After the Peter and Paul fortress on the island was done, Peter went across the River Neva from the fortress and built the fortified Admiralty Complex where they started building big ships to enter the Baltic and win fame for Russia.
From his cabin, Peter the Great commissioned a Summer Palace to be built for him and then later a Winter Palace just a little further down the river. There were no bridges crossing the mighty Neva River so ferry service ran between banks. St. Petersburg was called “the Venice of the North”. By whom, I don’t know. Certainly not the Swedes.
No city of Europe was worth anything without a church, so the Trinity Church was built, and houses for the local nobility, a Gostiny Dvor (a market for merchants) and several inns and bars were built. The Summer Gardens was the place to be for prestigious social events or maybe the new residence of the Governor General of St. Petersburg, the luxurious Menshikov Palace.
When Peter the Great died in 1725, his wife, Catherine, took over but she couldn’t keep the nobility and merchants from moving back to Moscow now that Peter the Great wasn’t there. St. Petersburg did make a big comeback when Peter’s daughter, Elizabeth, became Empress in 1741. Elizabethan St. Petersburg became a lively European capital with about 150,000 people.
Elizabeth wanted St. Petersburg to be a fine European capital so she brought in Bartolomeo Rastrelli, the Italian architect who had done the Winter Palace and Smolny Cathedral. She had him remodel the suburban royal residences in Peterhof. With the Grand Palace and Grand Cascade fountain now luxuriously adorned with gold, precious stones and statues, Elizabeth was ready to entertain!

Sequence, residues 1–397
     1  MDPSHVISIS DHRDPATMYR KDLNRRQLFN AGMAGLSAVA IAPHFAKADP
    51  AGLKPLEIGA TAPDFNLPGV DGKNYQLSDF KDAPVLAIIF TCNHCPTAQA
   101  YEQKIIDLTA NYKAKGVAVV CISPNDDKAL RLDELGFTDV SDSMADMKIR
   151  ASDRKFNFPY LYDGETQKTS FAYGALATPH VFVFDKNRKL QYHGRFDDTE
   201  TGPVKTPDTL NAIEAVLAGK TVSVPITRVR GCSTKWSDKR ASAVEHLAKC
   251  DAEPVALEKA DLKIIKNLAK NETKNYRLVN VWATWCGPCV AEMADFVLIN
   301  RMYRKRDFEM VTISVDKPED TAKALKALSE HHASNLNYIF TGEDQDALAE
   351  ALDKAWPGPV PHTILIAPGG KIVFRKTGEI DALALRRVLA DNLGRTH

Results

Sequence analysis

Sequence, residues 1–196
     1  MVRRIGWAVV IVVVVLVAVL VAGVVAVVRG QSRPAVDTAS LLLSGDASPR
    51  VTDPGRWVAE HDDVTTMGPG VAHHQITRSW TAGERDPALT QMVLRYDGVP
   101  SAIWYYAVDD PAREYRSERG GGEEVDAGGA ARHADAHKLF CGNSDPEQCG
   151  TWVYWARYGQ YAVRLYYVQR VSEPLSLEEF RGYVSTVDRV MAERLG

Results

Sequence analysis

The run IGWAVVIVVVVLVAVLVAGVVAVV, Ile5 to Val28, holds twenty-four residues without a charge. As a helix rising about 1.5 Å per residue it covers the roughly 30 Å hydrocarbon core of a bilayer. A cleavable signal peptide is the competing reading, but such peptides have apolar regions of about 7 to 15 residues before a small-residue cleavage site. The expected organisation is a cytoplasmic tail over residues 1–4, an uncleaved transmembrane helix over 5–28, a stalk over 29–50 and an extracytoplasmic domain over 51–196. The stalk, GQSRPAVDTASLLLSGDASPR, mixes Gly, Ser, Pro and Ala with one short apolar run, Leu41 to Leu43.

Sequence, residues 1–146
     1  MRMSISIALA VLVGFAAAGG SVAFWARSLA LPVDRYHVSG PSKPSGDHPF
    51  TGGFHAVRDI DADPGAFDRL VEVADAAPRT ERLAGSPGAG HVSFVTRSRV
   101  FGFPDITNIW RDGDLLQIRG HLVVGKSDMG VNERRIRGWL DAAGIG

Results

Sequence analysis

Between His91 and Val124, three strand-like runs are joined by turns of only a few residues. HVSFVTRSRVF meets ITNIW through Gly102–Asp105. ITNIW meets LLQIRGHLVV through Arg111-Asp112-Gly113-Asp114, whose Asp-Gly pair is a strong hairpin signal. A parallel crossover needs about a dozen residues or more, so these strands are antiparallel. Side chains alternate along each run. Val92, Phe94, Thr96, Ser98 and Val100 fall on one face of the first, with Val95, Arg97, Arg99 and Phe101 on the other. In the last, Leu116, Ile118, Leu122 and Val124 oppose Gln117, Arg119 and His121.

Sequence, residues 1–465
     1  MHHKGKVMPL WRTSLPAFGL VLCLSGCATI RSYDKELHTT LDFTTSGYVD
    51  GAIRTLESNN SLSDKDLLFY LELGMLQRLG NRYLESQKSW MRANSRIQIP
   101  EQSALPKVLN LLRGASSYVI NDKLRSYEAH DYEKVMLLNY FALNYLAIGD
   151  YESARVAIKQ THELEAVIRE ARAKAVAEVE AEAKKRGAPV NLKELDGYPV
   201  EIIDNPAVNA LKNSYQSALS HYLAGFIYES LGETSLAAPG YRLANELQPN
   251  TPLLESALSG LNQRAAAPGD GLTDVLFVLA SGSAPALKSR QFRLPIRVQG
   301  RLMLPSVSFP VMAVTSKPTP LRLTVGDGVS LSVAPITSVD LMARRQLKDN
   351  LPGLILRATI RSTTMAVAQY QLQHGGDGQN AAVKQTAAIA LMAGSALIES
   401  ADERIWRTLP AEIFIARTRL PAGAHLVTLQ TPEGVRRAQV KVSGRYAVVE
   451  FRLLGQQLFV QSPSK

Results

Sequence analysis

The Yekaterininsky Palace or Catherine’s Palace was turned into a magnificent royal residence with a big Baroque garden and Elizabeth commissioned other wonderful buildings as she tried to keep up her father’s policies. As a patron of the arts and sciences, she established the Russian Academy of Arts. How she had time for all this stuff as she organised balls, receptions, masquerades and firework displays, I don’t know. Anyway, St. Pete was a happening place.
She died before all the buildings were complete and her nephew Peter III assumed power but not for long. His wife, a German princess, became the famous Catherine the Great.
She assumed power in 1762 after a coup d’ etat. I love that phrase. Everyone liked her better it seemed in Russia and Europe, too. She moved into the newly redone Winter Palace and started a royal art collection which is now the world-famous Hermitage on the Neva. Catherine commissioned the building of the Hermitage Theater and made sure the area surrounding the palace was adorned with the finest houses and only the most elegant architecture.
The embankments of the River Neva were reworked in elegant red granite and the Summer Gardens were adorned with an intricate wrought iron fence. To Catherine, science and the arts were as important as trade. New buildings for the Russian Academy of Sciences, the Academy of Fine Arts and the first Public Library were built along with the large Gostiny Dvor Trading Complex on Nevsky Prospekt, the main street of the city.
She even put a new wing on the royal palace, the Cameron Gallery, where she lived and filled the delightful park surrounding the palaces with pavilions and other great architectural stuff.
No wonder a monument to Catherine the Great now stands in a small garden just off Nevsky Prospekt between her Public Library and the Alexandrinsky Theater. Under her, St. Petersburg became a “Grand City” indeed.